"The extinction of a
This letter wrung from me some bitter tears, as well for the king, who had so lavishly bestowed his affections upon me, as for myself. What would now be my fate? Alas! I knew not; all my brilliant prospects were buried in the coffin of my late protector.
The duc d'Aiguillon arrived at Ruel about midnight; he, as well as the other ministers who had been about the late monarch during his last illness, being prohibited by etiquette from following the present monarch to Choisy, whither the whole of the royal family had retired for a few days. He told us that the duc d'Aumont, having commanded La Martiniere to proceed with the embalming of the royal corpse, that physician replied, "Certainly, my lord, it shall be done if you command it, but, in that case, the duties of your office compel you to receive his majesty's bowels in a golden dish; and I protest, that such is the state of the body, that of all who may assist at the operation, not one will survive eight days. It is for your grace to determine what shall be done."
M. d'Aumont thought no more of embalming his late master, but gave orders for the body being immediately placed in a leaden coffin, from which here still issued frightful effluvia.
Up to the moment of my quitting Ruel madame de Mirepoix gave me no token of recollection: I heard that herself and the prince de Beauvau were reconciled, and for her sake I rejoiced at it. No person came near us the whole of the day with the exception of M. de Cosse, and I sat in hourly expectation of some order from court. At length we descried a travelling carriage with six horses, proceeding at a rapid pace up the avenue. "I know that livery," exclaimed I; " 'tis that of my humble adorer, my obsequious slave, my friend at court, the duc de la Vrilliere, commonly called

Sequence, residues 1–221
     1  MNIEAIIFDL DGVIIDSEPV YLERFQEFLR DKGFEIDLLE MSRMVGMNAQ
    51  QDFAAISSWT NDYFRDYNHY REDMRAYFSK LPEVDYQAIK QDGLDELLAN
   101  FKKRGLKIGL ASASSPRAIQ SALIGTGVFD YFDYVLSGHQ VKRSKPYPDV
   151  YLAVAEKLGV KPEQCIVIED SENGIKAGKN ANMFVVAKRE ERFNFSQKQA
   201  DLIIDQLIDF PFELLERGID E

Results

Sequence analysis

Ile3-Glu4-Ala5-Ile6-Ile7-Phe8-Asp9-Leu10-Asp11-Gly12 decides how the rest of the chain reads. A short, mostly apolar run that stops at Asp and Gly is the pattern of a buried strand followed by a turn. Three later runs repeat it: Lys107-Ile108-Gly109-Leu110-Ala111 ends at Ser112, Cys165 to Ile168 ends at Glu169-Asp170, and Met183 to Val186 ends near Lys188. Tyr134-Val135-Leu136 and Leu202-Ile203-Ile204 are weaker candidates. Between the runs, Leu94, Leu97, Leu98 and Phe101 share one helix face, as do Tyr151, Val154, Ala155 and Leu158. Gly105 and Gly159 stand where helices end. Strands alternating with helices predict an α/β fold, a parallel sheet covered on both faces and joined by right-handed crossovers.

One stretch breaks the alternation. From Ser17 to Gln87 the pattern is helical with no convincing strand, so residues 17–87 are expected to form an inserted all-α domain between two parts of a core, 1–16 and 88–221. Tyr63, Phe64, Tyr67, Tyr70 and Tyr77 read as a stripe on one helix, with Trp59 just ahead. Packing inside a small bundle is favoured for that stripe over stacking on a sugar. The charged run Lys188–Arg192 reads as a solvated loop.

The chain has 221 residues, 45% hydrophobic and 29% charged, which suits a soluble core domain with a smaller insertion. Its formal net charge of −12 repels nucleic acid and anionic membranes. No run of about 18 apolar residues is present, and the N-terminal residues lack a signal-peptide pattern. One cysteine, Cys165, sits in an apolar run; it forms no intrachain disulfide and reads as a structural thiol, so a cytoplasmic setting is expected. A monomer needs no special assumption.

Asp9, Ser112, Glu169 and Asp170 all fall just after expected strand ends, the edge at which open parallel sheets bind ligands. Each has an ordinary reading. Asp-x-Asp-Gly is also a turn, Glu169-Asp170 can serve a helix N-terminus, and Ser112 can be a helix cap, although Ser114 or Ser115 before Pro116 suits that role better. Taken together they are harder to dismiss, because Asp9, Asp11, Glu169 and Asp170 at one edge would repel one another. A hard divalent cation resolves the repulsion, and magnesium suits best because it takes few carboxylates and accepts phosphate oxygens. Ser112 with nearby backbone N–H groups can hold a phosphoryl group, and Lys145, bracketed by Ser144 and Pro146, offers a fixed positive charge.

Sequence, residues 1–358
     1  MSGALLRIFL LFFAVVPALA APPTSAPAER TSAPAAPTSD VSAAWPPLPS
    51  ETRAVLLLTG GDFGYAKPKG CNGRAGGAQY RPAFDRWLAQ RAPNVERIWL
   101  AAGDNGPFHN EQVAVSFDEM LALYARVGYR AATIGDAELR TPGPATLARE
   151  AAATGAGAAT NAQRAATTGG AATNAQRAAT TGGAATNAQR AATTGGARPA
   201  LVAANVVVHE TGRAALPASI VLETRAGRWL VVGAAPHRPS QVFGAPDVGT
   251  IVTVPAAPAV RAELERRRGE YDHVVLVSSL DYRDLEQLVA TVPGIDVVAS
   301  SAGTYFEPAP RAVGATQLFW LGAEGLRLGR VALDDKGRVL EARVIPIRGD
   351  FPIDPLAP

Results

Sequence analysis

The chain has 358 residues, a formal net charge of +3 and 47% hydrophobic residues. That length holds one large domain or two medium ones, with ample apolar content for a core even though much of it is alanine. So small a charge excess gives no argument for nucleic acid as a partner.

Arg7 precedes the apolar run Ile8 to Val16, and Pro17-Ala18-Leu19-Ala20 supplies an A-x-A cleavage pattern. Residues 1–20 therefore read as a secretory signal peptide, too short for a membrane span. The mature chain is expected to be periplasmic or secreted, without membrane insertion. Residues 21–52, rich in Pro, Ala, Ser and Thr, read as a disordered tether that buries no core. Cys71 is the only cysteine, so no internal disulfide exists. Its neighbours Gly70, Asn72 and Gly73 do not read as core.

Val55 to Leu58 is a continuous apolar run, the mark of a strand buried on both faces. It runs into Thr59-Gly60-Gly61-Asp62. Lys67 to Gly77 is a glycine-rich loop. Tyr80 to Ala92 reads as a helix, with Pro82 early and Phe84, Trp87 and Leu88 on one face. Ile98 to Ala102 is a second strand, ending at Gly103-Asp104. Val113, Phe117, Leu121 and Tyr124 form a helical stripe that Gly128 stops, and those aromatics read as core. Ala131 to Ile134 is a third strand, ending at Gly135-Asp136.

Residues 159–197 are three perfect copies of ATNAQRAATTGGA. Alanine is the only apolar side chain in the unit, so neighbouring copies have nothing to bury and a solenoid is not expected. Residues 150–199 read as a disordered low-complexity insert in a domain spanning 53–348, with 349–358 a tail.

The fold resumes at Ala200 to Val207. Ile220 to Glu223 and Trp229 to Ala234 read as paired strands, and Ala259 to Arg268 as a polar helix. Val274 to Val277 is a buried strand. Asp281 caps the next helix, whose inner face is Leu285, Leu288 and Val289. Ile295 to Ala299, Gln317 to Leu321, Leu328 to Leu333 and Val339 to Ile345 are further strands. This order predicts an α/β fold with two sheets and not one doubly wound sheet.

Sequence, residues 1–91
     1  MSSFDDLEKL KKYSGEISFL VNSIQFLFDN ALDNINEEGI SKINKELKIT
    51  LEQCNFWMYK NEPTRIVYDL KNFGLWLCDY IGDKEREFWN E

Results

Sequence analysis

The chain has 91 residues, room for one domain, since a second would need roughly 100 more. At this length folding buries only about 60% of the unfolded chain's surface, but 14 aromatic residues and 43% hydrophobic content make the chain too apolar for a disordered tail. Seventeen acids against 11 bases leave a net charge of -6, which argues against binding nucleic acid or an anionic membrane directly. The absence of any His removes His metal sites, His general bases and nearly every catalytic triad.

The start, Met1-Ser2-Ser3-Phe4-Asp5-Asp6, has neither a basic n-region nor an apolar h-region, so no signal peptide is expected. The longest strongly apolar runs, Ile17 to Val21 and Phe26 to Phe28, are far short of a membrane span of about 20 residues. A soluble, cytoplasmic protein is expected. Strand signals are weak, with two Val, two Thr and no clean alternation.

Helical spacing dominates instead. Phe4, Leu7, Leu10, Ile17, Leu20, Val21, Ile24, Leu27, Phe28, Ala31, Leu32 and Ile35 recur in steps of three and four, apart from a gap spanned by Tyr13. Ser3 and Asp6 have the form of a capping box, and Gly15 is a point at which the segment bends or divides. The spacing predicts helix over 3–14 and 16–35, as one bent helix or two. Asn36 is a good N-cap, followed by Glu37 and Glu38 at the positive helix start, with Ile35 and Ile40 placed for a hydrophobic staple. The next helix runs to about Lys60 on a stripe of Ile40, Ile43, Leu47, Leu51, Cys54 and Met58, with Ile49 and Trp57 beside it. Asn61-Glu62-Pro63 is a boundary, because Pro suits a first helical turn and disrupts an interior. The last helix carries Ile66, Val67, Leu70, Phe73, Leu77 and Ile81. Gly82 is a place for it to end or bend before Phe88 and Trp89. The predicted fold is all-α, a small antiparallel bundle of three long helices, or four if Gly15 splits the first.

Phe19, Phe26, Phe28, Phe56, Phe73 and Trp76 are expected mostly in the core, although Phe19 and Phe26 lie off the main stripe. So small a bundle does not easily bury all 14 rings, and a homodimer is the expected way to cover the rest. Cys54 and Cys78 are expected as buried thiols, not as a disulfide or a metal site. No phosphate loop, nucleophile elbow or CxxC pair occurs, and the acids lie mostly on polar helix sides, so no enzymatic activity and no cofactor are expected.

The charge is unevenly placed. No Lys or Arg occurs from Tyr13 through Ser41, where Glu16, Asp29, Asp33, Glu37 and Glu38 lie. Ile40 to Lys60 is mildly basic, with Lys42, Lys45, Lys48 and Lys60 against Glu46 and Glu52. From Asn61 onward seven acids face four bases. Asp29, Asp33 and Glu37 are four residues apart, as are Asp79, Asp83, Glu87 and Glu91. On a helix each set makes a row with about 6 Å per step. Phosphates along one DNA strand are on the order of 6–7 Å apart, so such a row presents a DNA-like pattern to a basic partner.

Mademoiselle du Barry undertook to inform me of the duke's arrival.
"You were not mistaken, dear sister," said she; "the duc de la Vrilliere is the bearer of the king's orders respecting you: but compose yourself, I beseech you."
"Fear not," said I; "I am as calm as you would have me. Tell the vile dissembler, I mean the duke, I await him"
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